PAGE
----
All You Want to See Here Is Falcon Heavy

The stats on WordPress say that your favorite topic to read about here on my blog is news and info on the SpaceX Falcon Heavy launch system, particularly this old and outdated article HERE. That article finally surpassed what I had thought was the coolest science article I’ve ever written here about the truly disturbing foraging practices of the Praying Mantis. BTW, if you get too close to a mutant, anywhere near human or even dog-sized praying mantis and its bobbing its head left and right like a boxer, then prepare to meet your maker. It’s ranging in on you and you’re about to be eaten alive while screaming in agony. Just sayin’.

SpaceX Starship SN8 high altitude (and dramatically final) test flight

The truth is, the SpaceX Starship is slated to eventually replace both the Falcon 9 and the Falcon Heavy. Its fully reusable design burns epic amounts of methane in its truly epic and powerful Raptor engines (full-flow staged combustion…the best in the business) to bring home every scrap of hardware after every launch. They even started their own petroleum company to bring them methane to feed the monster. The Falcon 9 (and the Falcon Heavy which uses Falcon 9 hardware) will never…EVER…recover the second stage. It’s just too hard, even for SpaceX.

I postponed publishing this article for over a week so that I could talk about the Starship SN9 test flight, but apparently, the FAA is unhappy with something about the SN8 flight and keeps delaying the SN9 license. It’s almost as if epic explosions were a bad thing. This caused Elon to criticize them on Twitter…

Anyway, I’m tired of waiting. I guess I’ll just have to write about it later. You probably won’t read the article though, since it will be about Starship and not Falcon Heavy.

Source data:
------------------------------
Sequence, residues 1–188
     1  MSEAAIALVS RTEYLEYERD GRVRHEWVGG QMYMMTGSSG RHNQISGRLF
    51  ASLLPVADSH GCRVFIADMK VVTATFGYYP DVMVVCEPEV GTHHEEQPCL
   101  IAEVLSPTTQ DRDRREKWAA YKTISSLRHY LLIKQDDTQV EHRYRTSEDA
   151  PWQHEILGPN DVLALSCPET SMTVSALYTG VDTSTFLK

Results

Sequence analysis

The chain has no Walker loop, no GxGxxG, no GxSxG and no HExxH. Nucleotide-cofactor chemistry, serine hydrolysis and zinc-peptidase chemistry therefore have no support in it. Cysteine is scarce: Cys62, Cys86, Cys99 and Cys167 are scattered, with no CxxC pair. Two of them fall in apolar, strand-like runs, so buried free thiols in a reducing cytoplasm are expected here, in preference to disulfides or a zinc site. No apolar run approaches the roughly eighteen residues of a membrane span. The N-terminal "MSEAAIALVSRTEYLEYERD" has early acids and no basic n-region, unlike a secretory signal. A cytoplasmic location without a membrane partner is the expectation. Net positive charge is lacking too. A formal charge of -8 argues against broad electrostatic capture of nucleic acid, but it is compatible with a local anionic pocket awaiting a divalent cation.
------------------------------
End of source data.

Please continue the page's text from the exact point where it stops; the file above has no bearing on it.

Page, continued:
Meanwhile, SpaceX’s OPERATIONAL ladder to Mars has moved into its crewed spaceflight phase of the learning curve with its crew-rated Falcon 9 and Crew Dragon that will never go to Mars. They recently announced the NASA crew for the next flight. Falcon Heavy will never send people to Mars either. Falcon Heavy is too small.

No, really…the most powerful currently operational launch system in the world is not enough to fly people to Mars. Sorry. SpaceX has no plans to even crew-rate the Falcon Heavy anyway…so Falcons ain’t takin’ anyone to the Moon either. I don’t understand why MY readers remain so interested in the Falcon Heavy since it will never fly people. The United States Air Force (actually, Space Force now) is so interested in it that they’re having one of SpaceX’s competitors develop a 9 meter payload fairing for it, just so that they can launch REALLY big payloads that they can’t talk about into geosynchronous orbit some day. However, since they can’t talk about them, I can’t either. I’d better cover those Falcon Heavy launches though, if I want to keep my readers.

A moon rock decorates Biden's Oval Office | Human World | EarthSky

President Biden has a Moon rock in his office. As VP to President Obama, he would have supported administration policy back then when administration policy regarding the Moon was “Been There Got the T-shirt”. So…is the rock on the President’s desk a reminder to keep pushing the envelope and shoot for the moon, or is that rock just Joe Biden’s Moon T-Shirt? Only time will tell. Either way, SpaceX will likely land a Starship on the Moon by at least 2025 anyway, regardless of whether the President and Congress let NASA do it.